Jeff Hancock, Founding Director, Professor of Communication
Jeff Hancock is founding director of the Stanford Social Media Lab and is a Professor in the Department of Communication at Stanford University. Professor Hancock and his group work on understanding psychological and interpersonal processes in social media. The team specializes in using computational linguistics and experiments to understand how the words we use can reveal psychological and social dynamics, such as deception and trust, emotional dynamics, intimacy and relationships, and social support. Recently Professor Hancock has begun work on understanding the mental models people have about algorithms in social media, as well as working on the ethical issues associated with computational social science.
Sunny Xun Liu, Associate Director
Dr. Sunny Xun Liu is an Associate Director of the Social Media Lab at Stanford. Dr.Liu’s research focuses on the social and psychological effects of social media and AI, social media and well-being, and how the design of social robots impact psychological perceptions.
John J. Walker, Web Administrator
Sabrina Huang is interested in studying how people form and maintain friendships and romantic relationships through the use of technology.
Angela is passionate about studying the psychological mechanisms that shape how social technologies influence our health, well-being and development in order to design targeted interventions. In addition, she is interested in exploring how new media and technology affect child and adolescent development, the parent-child relationship, and intergenerational attitudes
Mufan Luo’s research focuses on the psychology of communication technology, which involves the examination of interpersonal dynamics in computer-mediated communication (CMC) and social media affordances.
Danaë Metaxa’s research focuses on bias and technology: identifying the ways cognitive and psychological biases at the individual level shape our interactions with technology; studying political bias in search results and the web as a whole; gender bias and other social inequalities in social networks; and designing solutions to mitigate that bias.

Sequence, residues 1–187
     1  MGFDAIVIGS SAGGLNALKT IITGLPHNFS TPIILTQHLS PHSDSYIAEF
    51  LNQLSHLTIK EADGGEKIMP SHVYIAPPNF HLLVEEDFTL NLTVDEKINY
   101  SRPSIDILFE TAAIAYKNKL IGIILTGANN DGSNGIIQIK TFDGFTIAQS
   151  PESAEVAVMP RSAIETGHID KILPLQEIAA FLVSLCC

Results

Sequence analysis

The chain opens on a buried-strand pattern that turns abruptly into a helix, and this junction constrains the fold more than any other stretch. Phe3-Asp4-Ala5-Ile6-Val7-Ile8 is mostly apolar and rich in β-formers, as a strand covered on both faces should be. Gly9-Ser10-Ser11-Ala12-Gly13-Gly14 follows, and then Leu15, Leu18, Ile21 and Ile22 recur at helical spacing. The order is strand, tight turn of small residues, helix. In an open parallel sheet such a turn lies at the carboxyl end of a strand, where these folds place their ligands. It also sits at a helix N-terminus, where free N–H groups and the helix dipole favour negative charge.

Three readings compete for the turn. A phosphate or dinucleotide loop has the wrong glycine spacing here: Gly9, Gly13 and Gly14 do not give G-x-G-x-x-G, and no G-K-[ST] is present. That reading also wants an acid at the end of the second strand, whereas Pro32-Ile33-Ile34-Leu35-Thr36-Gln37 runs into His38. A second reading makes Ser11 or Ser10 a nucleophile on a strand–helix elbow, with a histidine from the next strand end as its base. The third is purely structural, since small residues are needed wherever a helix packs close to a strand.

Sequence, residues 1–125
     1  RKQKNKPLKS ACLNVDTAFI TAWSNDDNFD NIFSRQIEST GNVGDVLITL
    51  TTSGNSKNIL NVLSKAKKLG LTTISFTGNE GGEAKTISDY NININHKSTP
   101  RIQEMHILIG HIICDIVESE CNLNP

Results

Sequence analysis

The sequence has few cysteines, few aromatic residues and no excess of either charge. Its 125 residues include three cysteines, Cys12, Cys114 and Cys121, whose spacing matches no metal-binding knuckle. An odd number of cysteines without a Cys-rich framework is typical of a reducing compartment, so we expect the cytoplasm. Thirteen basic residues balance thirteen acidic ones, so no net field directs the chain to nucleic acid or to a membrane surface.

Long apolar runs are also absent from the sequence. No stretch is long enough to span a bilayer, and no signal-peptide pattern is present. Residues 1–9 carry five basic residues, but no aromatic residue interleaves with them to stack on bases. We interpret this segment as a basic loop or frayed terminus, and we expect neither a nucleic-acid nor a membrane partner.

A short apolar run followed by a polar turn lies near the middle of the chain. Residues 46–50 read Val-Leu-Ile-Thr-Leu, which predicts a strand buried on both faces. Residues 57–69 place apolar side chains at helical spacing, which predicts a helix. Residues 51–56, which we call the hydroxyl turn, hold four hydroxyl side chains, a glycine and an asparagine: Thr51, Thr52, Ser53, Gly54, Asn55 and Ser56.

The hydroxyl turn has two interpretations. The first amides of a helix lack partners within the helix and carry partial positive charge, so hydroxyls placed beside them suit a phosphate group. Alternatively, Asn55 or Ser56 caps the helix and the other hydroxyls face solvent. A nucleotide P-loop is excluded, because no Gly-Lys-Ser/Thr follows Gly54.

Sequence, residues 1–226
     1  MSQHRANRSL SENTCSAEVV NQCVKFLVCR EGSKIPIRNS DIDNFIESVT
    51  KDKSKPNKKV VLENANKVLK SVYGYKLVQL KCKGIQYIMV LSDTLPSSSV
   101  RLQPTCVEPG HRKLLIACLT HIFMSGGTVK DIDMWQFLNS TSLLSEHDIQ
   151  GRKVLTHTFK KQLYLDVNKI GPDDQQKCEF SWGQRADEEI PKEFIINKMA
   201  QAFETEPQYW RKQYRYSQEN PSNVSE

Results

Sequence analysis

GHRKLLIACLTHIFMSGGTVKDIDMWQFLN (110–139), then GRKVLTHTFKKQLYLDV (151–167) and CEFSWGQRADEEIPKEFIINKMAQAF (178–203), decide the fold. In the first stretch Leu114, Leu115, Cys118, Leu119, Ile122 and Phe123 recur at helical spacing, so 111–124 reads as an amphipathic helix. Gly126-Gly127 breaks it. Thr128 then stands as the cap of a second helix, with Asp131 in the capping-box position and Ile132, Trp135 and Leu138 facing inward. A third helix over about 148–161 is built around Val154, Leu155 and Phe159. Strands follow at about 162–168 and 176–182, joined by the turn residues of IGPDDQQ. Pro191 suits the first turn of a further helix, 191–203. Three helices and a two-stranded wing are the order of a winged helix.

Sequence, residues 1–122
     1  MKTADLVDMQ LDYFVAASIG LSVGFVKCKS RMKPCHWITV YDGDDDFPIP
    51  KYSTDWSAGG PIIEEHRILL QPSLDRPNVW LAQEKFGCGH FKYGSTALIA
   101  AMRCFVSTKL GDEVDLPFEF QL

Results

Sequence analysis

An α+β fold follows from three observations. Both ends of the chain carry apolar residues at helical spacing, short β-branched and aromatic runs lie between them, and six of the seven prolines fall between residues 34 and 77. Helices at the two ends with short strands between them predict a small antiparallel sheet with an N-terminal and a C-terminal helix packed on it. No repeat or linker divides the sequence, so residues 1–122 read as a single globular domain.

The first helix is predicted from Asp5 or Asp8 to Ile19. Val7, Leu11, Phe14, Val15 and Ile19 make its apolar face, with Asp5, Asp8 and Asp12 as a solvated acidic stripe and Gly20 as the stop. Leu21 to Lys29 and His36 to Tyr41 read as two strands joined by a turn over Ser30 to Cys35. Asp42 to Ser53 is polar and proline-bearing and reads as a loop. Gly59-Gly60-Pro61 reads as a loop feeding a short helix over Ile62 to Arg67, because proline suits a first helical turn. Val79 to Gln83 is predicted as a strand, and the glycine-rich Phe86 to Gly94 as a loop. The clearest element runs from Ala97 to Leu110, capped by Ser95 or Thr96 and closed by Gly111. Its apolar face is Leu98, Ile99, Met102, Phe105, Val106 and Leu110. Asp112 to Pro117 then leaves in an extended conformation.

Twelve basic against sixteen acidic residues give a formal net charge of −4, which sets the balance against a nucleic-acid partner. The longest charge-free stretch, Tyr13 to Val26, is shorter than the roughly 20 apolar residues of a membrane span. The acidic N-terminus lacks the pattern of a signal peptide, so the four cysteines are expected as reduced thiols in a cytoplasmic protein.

Hannah Mieczkowski primarily focuses on the way new technologies mediate conversations between groups and dyads. She is specifically interested in AI-mediated communication, or when AI modifies or generates content in an interaction between people. Hannah also studies the association between social media and well-being, and is particularly interested in how different measurement tools can influence this association.
Ryan Moore studies how features of new media platforms and technologies affect the consumption, processing, and sharing of information, especially information about politics and news. In addition, he is interested in the role that age plays in internet and technology use, particularly as it relates to encountering deceptive or misleading content.
Megan French is broadly interested in computer-mediated and interpersonal communication. She is particularly interested in how social media and technology shapes and reflects one’s sense of self and one’s relationships, with a focus on how people construct and convey their identity online.
David Markowitz investigates how communication messages are affected by social and psychological dynamics. He uses computational approaches to gather and analyze language data in the areas of deception, persuasion, and distress. More »
Annabell Suh is generally interested in how technology impacts well-being and health, and also how language use can reflect various aspects of well-being or health.